By Chris Honoré: Each week, beneath Friday night lights, parents and students across America gather in bleachers and stands overlooking a grassy field of play.

It's fall. The air is brisk, edged with winter. Streets are checkered with yellow and orange leaves.

And each week, beneath Friday night lights, parents and students across America gather in bleachers and stands overlooking a grassy field of play. The excitement is palatable.

However, behind the patina of school spirit and the intensity of the weekly football contests is a reality that often goes unspoken.

For all of the approbation heaped on those young high school athletes (1.2 million suit up annually) there is risk. How could there not be? Football is a hard contact sport. The uniform includes multiple pads and a polycarbonate alloy helmet designed to protect the head. There's risk to still developing knees, ankles, shoulders and spinal cords, the most insidious being a concussion, often a stealth injury, chronically underreported and one that can have life-altering implications for young players.

Football has the highest rate of concussions in high school sports.

A concussion occurs when a player is hit hard enough to slam the brain into the skull. Players may refer to it as getting your bell rung. When pressed to describe their symptoms more specifically, they say they feel dizzy and may have impaired vision and experience nausea and headaches. Depending on the severity of the concussion, these symptoms can be followed by lethargy, sleepiness, irritability, loss of concentration and even a drop in schoolwork performance.

According to a New York Times report, when players are asked if they have ever had the above symptoms during a game (without using the word concussion), almost 50 percent answer in the affirmative. When asked if they reported their symptoms to their coach, most say no. Why? Because these young athletes adhere to the warrior code, they take pride in playing through pain, in being there for the team, in making the sacrifice. They suck it up and carry on.

A study conducted between 2005 and 2008 found that 41 percent of concussed athletes in 100 high schools across America returned to play too soon.

Of course, a banged up knee or ankle is immediately discernible; however, a concussion is not, unless the player understands the full import of what has happened. Usually the symptoms will pass, often within minutes. The headache will lessen, fuzzy vision will clear, and the player will assume all is well and insist on staying in the game.

The problem is that the brain has sustained a trauma that will take time to heal. Players who are concussed should automatically be benched and evaluated by a certified athletic trainer or team physician. Otherwise, if the concussion is allowed to go unevaluated and the player returns to the field, the consequences can be tragic. What is in play is a phenomenon called second impact syndrome. If a second trauma to the head is sustained, even one considered inconsequential, when taken in the aggregate, the results can be serious and potentially life threatening. Physiologically, a concussion can be a ticking time bomb.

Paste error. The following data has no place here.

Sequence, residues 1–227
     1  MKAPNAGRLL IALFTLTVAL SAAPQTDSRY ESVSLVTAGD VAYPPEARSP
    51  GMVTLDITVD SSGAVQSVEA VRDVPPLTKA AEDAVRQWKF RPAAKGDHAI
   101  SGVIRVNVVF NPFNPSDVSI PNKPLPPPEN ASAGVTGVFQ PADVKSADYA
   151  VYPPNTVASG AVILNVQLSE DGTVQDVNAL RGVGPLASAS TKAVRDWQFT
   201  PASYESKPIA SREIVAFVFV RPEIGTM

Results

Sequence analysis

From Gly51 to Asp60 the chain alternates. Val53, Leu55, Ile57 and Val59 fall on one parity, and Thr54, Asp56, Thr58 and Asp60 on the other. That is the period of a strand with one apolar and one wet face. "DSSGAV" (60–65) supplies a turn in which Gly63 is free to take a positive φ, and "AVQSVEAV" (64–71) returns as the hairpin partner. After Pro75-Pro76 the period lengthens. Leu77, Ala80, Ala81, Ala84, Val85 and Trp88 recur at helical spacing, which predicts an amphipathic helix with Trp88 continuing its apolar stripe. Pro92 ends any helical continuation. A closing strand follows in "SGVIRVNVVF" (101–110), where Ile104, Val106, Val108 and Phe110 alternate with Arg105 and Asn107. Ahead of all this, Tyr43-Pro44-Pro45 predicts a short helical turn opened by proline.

There is a subtext to high school football that is rarely debated and a set of assumptions we all take for granted. Nevertheless, the question begged is this: Is high school football too dangerous for our young people? Adolescents are still growing and developing. Irreparable damage can be done not only to their brains but to their bones and joints. It is one thing to watch grown men play football, a sport that involves an unparalleled level of violence. It is another to support and encourage young people to do the same.

Is it unimaginable to think of high school in the fall without football games and pep rallies and homecoming? Without players wearing big-numbered jerseys in the hallway, absent Friday night excitement as the school readies to crush the Crusaders? The answer is an all-but-certain yes. This ritual is far too deeply imbedded in our culture.

But there's another reality that too often slips under the radar, and that's of the athlete standing on the sideline, leaning on crutches, his leg in a knee brace, his season over. Or the young player who lied about his second or third concussion and now can't concentrate well enough to finish his math assignments.

So, what's the answer? Athletes who play contact sports, include soccer and basketball, must be counseled repeatedly, with all seriousness, to self-report an injury to the head that results in any of the symptoms mentioned. To play on, despite dizziness or impaired vision or a headache, to adhere to the play-through-pain code, is to make a sacrifice for the team that can have tragic and unintended consequences.

Chris Honoré's reviews appear weekly in Revels.